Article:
Now, that's yellow.
When you think of yellow plumage, you think goldfinch or yellow warbler or maybe the vanishing evening grosbeak. You don't generally think woodpecker, after all, they are black and white and red, right?
That's why I love the above photo of a Northern flicker in flight recently sent to me by Joy Baker.
A flickering fire of Y - E - L - L - O - W !
Now you see it, now you don't.
That's because the modest yellowhammer of Alabama fame keeps its dazzling yellow, its flicker, hidden under a spotted tawny, beige wrap.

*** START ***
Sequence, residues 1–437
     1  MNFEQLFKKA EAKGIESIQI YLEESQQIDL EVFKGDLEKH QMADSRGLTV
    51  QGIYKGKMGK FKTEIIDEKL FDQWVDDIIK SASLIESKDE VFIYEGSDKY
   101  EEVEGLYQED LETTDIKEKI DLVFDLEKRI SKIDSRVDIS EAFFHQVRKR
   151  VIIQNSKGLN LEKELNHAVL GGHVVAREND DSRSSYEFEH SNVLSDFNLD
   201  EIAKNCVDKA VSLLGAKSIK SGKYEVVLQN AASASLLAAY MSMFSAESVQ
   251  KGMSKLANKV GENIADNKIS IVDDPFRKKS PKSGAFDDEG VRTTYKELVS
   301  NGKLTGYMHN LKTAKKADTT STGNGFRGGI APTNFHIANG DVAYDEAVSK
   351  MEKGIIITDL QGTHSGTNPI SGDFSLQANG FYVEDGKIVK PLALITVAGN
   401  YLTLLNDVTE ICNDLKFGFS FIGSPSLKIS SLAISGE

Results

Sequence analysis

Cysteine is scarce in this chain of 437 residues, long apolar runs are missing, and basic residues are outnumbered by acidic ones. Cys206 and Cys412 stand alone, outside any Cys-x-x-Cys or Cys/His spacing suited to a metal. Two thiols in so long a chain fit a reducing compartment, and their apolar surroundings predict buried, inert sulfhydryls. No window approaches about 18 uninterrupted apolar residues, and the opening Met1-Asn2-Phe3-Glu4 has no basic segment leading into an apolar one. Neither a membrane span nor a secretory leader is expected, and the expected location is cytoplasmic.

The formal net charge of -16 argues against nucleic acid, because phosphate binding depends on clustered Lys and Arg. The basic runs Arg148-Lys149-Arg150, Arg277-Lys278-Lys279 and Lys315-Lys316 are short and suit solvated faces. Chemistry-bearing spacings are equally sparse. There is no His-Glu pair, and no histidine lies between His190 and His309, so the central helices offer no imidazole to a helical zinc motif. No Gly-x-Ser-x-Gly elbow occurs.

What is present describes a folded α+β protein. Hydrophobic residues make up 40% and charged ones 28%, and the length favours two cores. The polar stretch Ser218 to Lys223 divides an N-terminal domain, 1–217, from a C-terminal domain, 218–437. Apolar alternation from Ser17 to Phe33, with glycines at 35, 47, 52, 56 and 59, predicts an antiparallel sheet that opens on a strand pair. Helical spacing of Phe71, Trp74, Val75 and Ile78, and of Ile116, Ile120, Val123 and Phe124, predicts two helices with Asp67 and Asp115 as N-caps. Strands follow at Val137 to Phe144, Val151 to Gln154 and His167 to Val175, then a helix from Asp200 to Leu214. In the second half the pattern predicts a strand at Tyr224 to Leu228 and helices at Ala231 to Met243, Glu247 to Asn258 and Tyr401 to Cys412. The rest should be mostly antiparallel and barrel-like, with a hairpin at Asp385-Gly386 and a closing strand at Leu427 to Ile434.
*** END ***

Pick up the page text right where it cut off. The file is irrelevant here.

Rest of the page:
Curiously, not all flickers are yellow underneath. They occur in two distinct sub-species that intermingle and produce mixed clutches where their ranges overlap.
The Red-shafted Flicker (Colaptes auratus cafer) resides in western North America. They are red under the tail and underwings and have red shafts on their primaries.
Thanks for the use of the top photo, Joy!